Sibling Comparisonitis – The Cuteness
For the first year or so of Eloise’s life I put side by side photos on Facebook comparing Dylan and Eloise when they were babies – in the same Halloween costume, at the zoo with the elephant, even in the same pretty dress (another 21st photo for poor Dylan). Oh the cuteness!
Last week, I caught myself talking about Eloise’s ability in gymnastics class and comparing it to Dylan’s. Yesterday a friend remarked I how complex Eloise’s speech was for her age and it got me likening it to what Dylan was like at the same age.
In fact, any area is up for grabs including all the baby things – teething, crawling, sitting up, walking, eating. Now the kids are five and two, personality and both physical and mental development are contrasted. And don’t forget physical appearance – a huge focus for any sibling comparison.
Sibling Comparisonitis – The Questions
Why do we do this? Is this ‘compare and contrast’ of our kids something ingrained in all parents? Do we want them to be the same or different? Are we trying to prove something by comparing them so much?
Is this phenomenon of comparing our kids to each other a good or bad thing?
Should we stop sibling comparisonitis?
Sibling Comparisonitis – The Good
It is definitely not all bad. Side by side photos of our babies in delightful outfits and lovely settings can’t ever be thought of as a bad thing. It is too darn adorable.
Noticing things the children do the same at the same age is also a revelation for parents. Some things really do follow a typical developmental timeline. At around two years of age, both Dylan and Eloise went through a stage of saying ‘nigh nighs’ (good night) to all their toys. Something they both quickly grew out of, but super cute to observe for a brief time.
Detecting things that are different between my two kids is interesting. Eloise, at two and half, is going through a stage of wanting us to read the same book over and over for a week at a time. She even sometimes requests the repetition of the same book immediately after I just read it to her! I can’t remember Dylan ever doing that.
Observing our beautiful tiny humans as they grow is a great thing to do and should be encouraged as it is what shared family memories are made of.
Sibling Comparisonitis – The Bad
Where we may go wrong is when there is a negative overtone to the comparison. I do this all the time! Dylan has better co-ordination when it comes to riding a bike, but Eloise has superior co-ordination in gymnastics class.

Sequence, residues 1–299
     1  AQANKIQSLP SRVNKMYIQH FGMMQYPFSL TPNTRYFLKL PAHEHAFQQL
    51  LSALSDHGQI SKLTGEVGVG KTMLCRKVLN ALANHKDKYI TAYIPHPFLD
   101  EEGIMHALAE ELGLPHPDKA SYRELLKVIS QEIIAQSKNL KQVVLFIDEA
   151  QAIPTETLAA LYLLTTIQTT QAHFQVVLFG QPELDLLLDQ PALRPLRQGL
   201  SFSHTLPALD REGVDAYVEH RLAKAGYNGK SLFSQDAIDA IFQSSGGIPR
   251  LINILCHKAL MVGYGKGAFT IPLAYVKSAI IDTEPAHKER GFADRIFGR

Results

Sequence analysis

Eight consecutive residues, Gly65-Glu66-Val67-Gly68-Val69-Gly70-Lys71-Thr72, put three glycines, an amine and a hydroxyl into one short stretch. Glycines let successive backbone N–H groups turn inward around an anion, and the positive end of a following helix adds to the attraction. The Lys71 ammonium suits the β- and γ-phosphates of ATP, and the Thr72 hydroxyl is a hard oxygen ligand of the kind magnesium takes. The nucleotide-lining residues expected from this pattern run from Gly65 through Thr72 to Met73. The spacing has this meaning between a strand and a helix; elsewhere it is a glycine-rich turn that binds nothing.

I have also noticed that I tend to focus more on the similarities between Dylan and Eloise than the differences, leading to Eloise going without. Dylan decided when he was very young that he didn’t like tomatoes. Because we very rarely dish up tomatoes to Dylan, Eloise ends up missing out on them as well. When I threw a couple of cherry tomatoes into her bowl of vegetables the other day she devoured them like a zombie who has come across a fresh corpse.
One of the worst outcomes of comparing siblings is contrasting some behavior that is difficult now with a rose-tinted view the other child. Memories do get fuzzy and what is hard now supersedes problems long since resolved. Eloise was an amazing sleeper as a baby but since she hit two years old we have been going through a bad patch of night wakings. Dylan seems like an angel as he sleeps so well but we kind of forget that he basically didn’t sleep at all for the first four months of his life!
Sibling Comparisonitis – The Strange
The strangest thing about all this comparing and contrasting is that we often get surprised when the second child is different to the first child. We celebrate the similarities and overlook the differences.
However, we should be surprised that there are ANY similarities at all! Think about it. The second child has an older sibling to talk with and copy behavior from. With Eloise, we are more relaxed as parents. She is a girl. Her height, hair color and eye color are not the same. Heck, she falls into a different Chinese Zodiac sign.
She is a whole entire another human being!
Sibling Comparisonitis – The Answer
Maybe it is impossible to stop sibling comparisonitis. It is baked into us as parents as soon as there are two or more kids in the family. But it is good to be aware of it so we can tone down the negative and celebrate the best parts.
One of those best parts is celebrating our kids’ differences. Let’s do more of this. With everyone. That we are all Homo sapiens yet all unique is the defining feature of our humanity.